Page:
The Red-Tape Blues
Three physician bloggers bemoan—and cope with—administrative headaches that impede caregiving.
Frustrated with a health care system that impedes practicing medicine, these physician-bloggers search for ways to dig out from under piles of paperwork and reconnect with patients.
Your Cheatin’ Heart
Adapted from a June 23, 2013, post on Musings of a Distractible Mind, a blog by primary care physician Rob Lamberts.
I’m Rob, and I am a recovering doctor. Things are tough, but they are a lot better since I left my destructive relationship with Medicare, Medicaid and insurance companies. I’ve had to learn how to manage my own money (now that I can’t count on them to bail me out), but things are looking a lot better.
The key was when I realized that the system wasn’t going to change no matter how much I accommodated its unreasonable requests. I felt that if I only did what it asked of me, however unreasonable, it would stop hurting me and, more important, my patients. But I’ve come to see that all the promises to take care of me and my patients were written in sand, and that it couldn’t resist the temptation to cheat on me. I tried to do what it asked of me, but as time went by I couldn’t take how dirty it made me feel.
I want to believe it was sincere when it told me it wanted to change. I think at its core, it wants to help patients and doesn’t want to go on those spending binges. But no matter how sincere the promises sounded, I was always left alone as it threw its money at every sexy treatment, procedure or drug that walked by. Then it would go off on tirades about how much I spent and that I didn’t do enough to keep to our budget. It was always my fault. I think it’s just easier to pass blame to others than it is to do the hard things necessary to really change. To be honest, I think it was terrified at how much real change would hurt.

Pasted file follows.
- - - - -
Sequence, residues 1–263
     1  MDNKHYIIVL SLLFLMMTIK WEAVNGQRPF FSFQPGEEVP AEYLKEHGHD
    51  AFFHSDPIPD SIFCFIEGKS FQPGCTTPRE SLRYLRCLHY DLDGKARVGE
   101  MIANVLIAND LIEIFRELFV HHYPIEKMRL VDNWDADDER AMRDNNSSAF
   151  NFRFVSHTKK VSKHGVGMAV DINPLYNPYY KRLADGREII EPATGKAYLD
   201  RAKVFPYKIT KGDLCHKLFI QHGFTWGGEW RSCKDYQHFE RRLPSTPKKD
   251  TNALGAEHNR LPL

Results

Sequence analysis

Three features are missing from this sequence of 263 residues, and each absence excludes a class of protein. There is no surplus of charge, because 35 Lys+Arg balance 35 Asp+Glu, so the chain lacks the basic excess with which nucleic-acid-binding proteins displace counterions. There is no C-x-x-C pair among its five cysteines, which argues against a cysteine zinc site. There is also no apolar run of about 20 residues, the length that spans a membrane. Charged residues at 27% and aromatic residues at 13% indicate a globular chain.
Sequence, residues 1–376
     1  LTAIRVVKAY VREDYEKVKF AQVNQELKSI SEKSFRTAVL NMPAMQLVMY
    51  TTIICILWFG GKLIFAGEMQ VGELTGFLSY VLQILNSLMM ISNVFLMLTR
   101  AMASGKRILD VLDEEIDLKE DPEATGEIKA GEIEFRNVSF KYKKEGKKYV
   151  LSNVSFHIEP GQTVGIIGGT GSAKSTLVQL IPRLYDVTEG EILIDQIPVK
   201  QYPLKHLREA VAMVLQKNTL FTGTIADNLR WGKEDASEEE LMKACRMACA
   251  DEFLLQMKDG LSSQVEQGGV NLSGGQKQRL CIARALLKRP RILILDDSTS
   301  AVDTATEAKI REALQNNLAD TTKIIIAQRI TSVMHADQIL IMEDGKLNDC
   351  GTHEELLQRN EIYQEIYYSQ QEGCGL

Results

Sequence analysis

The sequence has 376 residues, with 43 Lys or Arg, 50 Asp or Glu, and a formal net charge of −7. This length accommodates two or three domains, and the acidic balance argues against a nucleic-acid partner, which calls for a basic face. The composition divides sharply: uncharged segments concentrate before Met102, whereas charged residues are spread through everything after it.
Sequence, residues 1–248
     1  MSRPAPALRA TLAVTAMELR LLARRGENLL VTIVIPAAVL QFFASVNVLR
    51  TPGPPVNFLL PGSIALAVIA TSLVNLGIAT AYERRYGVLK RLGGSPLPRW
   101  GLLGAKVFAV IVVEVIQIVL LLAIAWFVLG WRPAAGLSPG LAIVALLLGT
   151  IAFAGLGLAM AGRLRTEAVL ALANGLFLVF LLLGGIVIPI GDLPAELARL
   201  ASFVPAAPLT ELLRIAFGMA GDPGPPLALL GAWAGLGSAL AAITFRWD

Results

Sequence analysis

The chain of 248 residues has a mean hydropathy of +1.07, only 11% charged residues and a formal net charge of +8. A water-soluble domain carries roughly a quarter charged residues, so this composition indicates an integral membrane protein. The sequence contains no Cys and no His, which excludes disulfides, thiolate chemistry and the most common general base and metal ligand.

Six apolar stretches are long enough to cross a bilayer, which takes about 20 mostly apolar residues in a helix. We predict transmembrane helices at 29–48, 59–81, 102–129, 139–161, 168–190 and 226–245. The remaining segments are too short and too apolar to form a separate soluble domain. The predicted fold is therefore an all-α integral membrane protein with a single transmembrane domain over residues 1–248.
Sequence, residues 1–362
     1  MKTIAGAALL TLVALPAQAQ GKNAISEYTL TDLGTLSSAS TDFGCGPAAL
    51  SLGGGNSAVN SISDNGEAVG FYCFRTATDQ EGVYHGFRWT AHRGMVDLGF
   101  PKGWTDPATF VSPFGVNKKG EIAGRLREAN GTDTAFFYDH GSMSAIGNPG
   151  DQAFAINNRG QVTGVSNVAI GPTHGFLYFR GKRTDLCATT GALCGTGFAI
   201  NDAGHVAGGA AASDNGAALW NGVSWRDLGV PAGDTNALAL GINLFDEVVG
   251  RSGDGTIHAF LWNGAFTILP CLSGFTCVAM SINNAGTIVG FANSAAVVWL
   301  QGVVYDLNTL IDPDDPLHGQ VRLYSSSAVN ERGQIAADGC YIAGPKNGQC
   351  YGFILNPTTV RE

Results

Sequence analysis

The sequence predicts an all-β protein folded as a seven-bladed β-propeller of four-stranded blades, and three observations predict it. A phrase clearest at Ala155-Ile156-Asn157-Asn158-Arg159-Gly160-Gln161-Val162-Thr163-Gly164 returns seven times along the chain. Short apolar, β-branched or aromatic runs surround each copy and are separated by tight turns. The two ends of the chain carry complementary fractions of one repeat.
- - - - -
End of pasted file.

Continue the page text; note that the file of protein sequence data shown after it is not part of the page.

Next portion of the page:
Crisis of Conscience
Adapted from a March 26, 2013, post on In My Humble Opinion, a blog by Jordan Grumet, an internist in Highland Park, Ill.
The world is changing for providers. Heavily Medicare-weighted, the past few years have seen a proliferation of administrative paperwork. When not overwhelmed with forms, we are hunched over computers inputting inane information like ethnicity. What we are not doing is taking care of patients. We are not interfacing with those we have sworn to care for. The covenant I have so often written about is being replaced with vague ideas of community health and meaningful use. In no uncertain terms, we are letting you (the patient) down. This makes me ill.
A few months ago, I had a crisis of conscience. I could no longer sign off on this willful subjugation of the doctor/patient relationship. So I crunched the numbers. What I found shocked me. Most of the revenue from my practice comes from nursing home work. In other words, all those hours spent in the office and the hospital did exactly one thing: They paid the bills for that very office and all my employees. It’s a zero-sum game. I would be better off economically if I finished each day at 9 a.m.
Here are some tips for survival in the new health care environment:
Minimize the B.S. Don’t confuse box-checking with delivery of health care. Sail through the B.S. as quickly as you can. Save your creative juices for the parts of your documentation that people actually read. Just focus on meeting regulatory compliance and not setting yourself up for a lawsuit.
Mobilize support for change. Do your job, but don’t take all this lying down. Doctors got into this mess by not speaking up. If we continue to roll over, it’s only going to get worse. Make yourself a positive agent of change. Speak up in e-mails, meetings and hall conversations with administrators. Get a voice in social media. Because most of your colleagues are as passive as deer in the path of a truck, your voice can be heard.
Hold fast to your values as a doctor. No matter how bad it gets, do not‚ I mean do not, let go of your values as a caregiver. You know that quality metrics do not ensure quality. Keep doing the extra stuff that regulators don’t notice or measure. If that means seeing fewer patients, then so be it. Each patient you treat needs to see you at your best.